Buying in Italy

Buying a house in Italy is generally uncomplicated and we can guide you through the relevant steps and recommend suitable professionals to assist you through the process.

Offer – Proposta

Once you have identified the house you would like to buy, assessed and priced any work you may wish to carry out, a formal offer or proposta is drawn up. This includes your details, how much you intend to pay, conditions of sale and completion dates proposed . A banker’s cheque made out to the seller of around 5 % is required to guarantee the offer and is held by the agent who then will take the house off the market.

Exchange of Contracts  – Compromesso

The compromesso contract is a legal promise to complete the sale. Checks are carried out by the buyer’s solicitor, surveyor or notary to confirm that the property complies to details deposited in the land registry as well as planning permissions, building regulations and any pre-emption rights as well as loans or mortgages that have been taken out against the property. The agent or notary will then draw up the contract with payment terms and assign a date for completion. An additional 20% to 30% percent of the purchase price as deposit is paid to the seller. If either party withdraws following the compromesso they may be liable to pay twice the amount of the deposit paid. Agents fees, 3% circa  are also normally payable by both parties at exchange of contracts.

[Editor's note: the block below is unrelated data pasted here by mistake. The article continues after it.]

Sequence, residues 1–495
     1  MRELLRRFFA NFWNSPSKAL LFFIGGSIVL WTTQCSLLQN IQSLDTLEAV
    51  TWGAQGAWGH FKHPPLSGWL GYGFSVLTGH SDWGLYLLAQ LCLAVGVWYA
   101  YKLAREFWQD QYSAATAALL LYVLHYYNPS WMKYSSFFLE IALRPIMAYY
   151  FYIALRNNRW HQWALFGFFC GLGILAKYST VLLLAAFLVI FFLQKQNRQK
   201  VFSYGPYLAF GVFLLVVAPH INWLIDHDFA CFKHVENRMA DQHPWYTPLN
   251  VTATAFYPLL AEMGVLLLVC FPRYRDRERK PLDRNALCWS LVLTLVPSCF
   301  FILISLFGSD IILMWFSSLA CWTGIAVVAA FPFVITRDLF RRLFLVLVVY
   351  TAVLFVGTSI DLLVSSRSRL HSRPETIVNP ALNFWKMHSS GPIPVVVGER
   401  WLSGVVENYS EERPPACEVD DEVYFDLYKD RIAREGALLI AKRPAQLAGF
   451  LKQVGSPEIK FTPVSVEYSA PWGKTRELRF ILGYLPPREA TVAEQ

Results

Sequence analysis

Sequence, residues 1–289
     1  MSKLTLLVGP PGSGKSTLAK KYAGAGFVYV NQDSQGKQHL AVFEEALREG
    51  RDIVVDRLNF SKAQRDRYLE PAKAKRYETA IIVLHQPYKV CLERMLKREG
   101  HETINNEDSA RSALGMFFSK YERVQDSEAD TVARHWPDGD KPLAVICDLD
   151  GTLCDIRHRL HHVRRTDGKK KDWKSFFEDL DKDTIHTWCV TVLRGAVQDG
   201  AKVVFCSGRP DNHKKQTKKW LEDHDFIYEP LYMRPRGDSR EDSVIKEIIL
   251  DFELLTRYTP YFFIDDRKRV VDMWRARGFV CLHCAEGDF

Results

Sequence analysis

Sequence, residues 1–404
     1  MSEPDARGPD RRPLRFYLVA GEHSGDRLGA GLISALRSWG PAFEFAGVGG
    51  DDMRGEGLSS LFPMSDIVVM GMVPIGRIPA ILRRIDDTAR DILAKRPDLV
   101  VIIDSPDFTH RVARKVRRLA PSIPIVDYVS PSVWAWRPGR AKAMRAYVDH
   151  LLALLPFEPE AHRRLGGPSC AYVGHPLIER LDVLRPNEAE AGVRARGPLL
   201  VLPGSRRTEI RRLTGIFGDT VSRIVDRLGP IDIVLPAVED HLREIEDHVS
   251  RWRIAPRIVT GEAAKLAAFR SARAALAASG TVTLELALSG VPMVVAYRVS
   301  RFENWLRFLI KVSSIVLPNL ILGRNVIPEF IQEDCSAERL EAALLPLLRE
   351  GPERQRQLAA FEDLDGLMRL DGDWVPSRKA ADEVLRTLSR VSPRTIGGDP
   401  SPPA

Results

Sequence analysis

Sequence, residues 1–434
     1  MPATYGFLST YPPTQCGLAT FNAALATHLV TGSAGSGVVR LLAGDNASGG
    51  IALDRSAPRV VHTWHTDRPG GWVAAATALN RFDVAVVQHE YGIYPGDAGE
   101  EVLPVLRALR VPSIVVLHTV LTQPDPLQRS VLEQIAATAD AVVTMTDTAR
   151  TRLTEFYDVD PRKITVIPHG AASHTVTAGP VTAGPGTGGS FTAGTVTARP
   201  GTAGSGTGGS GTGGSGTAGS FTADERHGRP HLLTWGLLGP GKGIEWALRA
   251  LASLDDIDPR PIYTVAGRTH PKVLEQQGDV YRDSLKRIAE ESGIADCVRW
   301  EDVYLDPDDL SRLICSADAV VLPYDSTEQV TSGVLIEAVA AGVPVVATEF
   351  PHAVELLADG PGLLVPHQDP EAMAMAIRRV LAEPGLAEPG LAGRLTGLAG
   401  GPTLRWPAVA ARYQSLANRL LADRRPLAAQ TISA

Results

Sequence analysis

Completion – Rogito Notarile

The completion contract or rogito notarile is always drawn up by a public notary nominated by the buyer. The buyer pays the outstanding sum to the seller as well as the notary fee (around 1%) and stamp duty. Stamp duty costs vary depending on whether the property is a first (2%) or second or luxury (9%) home. Upon signing the notary will then transfer the title deed and register the ownership change at the land registry.

Ownership Costs

Total buying costs normally amount to 10-12% of the purchase price.
Local council tax (IMU) based on land cadastral value is payable twice a year.
No capital gains apply if the property is not re-sold within 5 years.
There is currently a very low rate of inheritance tax payable by next of kin for Italian residents (4% over 1.000.000 euro) but as tax law is constantly changing advice must always be sought from a reputable lawyer.[/vc_column_text][/vc_column][/vc_row]